Patents and passion: One alumna uses both to create social change

Giordana Verrengia

Feb 8, 2024

Before she decided that engineering would be her career path, Tanya Akumu knew one thing for certain—that whatever she chose would help her continue to understand how the world works. Akumu was most interested in exploring this idea with physical examples and processes, which led her to enroll in the electrical and electronic engineering program at Jomo Kenyatta University of Agriculture and Technology in Kenya. She completed her bachelor’s degree with the added distinction of Second Class Honors in the Upper Division.

Gaining experience beyond the classroom allowed Akumu to see ways of applying her technical skills to create social change. Akumu had her first internship at M-Kopa Solar Kenya, a company that works with the off-grid sector, making solar home systems for people without access to electricity. She worked at the company after completing her bachelor’s, transitioning to a full-time role first as a product test engineer and later, an embedded hardware engineer. During this time, Akumu continued to learn about herself and the kind of professional she wanted to be. She discovered that it was fulfilling to work for a cause that matters. 

Making an impact is a really major part of who I am as a professional. My work has to encompass that.

Tanya Akumu, (MS ECE '21)

"Making an impact is a really major part of who I am as a professional. My work has to encompass that," she said. "So, when I heard about the CMU Engineering program and being able to work on African problems, I jumped at the opportunity."

After receiving a Mastercard Foundation Scholarship, Akumu began the Master of Science in Electrical and Computer Engineering program at Carnegie Mellon University Africa in 2019 with a specialty in applied machine learning. Given the university's emphasis on both technical skills and community problem solving, there were myriad opportunities for Akumu to develop her leadership skills and continue to support meaningful causes. During her two years of graduate studies, she served as a teaching assistant for the courses "Data Inference and Applied Machine Learning" and "Introduction to Deep Learning." Akumu was also the communications minister for the Student Guild and a programming mentor for the Mastercard Foundation.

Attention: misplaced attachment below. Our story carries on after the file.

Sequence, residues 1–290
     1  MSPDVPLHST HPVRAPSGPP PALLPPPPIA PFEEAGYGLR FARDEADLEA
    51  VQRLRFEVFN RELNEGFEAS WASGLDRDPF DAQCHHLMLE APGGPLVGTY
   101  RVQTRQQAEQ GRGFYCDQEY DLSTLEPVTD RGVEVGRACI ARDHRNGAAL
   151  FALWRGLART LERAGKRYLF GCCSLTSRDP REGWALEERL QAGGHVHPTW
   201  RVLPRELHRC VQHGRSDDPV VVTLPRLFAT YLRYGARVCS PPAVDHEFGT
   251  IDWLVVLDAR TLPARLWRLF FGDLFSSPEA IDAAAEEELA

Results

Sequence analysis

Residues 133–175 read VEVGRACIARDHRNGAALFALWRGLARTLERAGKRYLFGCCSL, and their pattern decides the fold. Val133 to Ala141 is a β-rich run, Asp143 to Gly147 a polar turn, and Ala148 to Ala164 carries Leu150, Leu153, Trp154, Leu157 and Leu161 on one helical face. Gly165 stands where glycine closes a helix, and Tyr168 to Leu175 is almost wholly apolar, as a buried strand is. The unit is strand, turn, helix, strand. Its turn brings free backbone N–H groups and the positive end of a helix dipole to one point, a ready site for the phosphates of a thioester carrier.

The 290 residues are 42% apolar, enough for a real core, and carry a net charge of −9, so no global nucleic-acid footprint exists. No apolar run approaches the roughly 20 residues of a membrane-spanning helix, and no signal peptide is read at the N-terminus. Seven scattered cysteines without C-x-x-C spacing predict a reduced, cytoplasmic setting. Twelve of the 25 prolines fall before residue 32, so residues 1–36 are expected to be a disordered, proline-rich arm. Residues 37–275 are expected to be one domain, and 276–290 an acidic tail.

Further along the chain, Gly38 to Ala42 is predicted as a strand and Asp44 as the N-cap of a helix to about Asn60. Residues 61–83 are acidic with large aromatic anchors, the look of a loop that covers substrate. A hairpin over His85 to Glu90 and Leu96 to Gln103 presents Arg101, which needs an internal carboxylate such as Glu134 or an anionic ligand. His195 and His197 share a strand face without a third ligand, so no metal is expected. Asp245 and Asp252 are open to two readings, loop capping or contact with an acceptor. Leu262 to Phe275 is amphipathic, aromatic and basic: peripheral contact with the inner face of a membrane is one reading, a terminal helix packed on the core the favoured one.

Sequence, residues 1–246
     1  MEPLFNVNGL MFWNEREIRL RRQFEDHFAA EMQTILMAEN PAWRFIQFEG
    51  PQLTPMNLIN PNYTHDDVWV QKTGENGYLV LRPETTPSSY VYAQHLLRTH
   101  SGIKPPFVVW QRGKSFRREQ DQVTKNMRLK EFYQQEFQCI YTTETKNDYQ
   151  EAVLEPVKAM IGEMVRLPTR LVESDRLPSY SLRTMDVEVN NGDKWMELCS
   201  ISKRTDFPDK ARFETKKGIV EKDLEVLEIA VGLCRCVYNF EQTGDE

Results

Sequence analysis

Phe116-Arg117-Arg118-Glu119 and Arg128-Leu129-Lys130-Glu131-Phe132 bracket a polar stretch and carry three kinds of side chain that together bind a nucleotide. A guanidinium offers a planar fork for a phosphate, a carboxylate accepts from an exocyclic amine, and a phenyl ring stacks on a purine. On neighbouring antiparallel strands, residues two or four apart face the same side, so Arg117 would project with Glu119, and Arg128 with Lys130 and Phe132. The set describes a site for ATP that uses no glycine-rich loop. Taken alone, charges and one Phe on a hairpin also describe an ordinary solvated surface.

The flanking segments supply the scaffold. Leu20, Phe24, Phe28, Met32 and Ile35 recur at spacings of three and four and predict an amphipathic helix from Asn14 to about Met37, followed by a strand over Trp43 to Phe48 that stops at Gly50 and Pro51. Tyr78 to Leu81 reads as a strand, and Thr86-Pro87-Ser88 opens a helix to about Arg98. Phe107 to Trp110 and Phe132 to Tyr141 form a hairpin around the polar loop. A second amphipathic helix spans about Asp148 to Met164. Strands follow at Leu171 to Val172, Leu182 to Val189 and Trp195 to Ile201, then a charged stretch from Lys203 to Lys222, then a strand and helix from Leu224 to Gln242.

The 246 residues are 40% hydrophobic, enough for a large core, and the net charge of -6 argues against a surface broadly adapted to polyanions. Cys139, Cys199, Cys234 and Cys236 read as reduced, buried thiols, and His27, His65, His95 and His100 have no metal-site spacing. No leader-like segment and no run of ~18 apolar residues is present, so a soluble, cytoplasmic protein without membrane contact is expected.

She currently works at IBM as an artificial intelligence research engineer, where she probes issues like fairness, biases, and anomaly detection for trustworthy AI. For the latter topic, she added to her many professional achievements by filing her first US patent.

The motivation to earn a patent is to help minimize the need to transfer proprietary data while maximizing the use of crucial data characteristics.

Deep learning neural networks are the ideal tools for this balancing act because they produce data abstractions, which describe all the key trends from a dataset without giving access to the proprietary information itself.

"My patent focuses on using representations of the model to try and understand anomalous patterns in the actual dataset. This would be especially helpful in cases like federated learning, where you're not allowed to share the data itself. The model will still give you important information about the data."

The neural network would allow stakeholders to use data trends to develop problem-solving techniques while using a fraction of the storage space because abstractions are much more condensed than the dataset.

Though she has a prestigious educational background and a robust résumé, Akumu still deals with imposter syndrome as a woman in STEM, often finding herself the only female engineer in many settings.

"In times of doubt, I just remind myself of previous wins that I've had, like graduating from CMU, because that was still me—I did that, not someone else."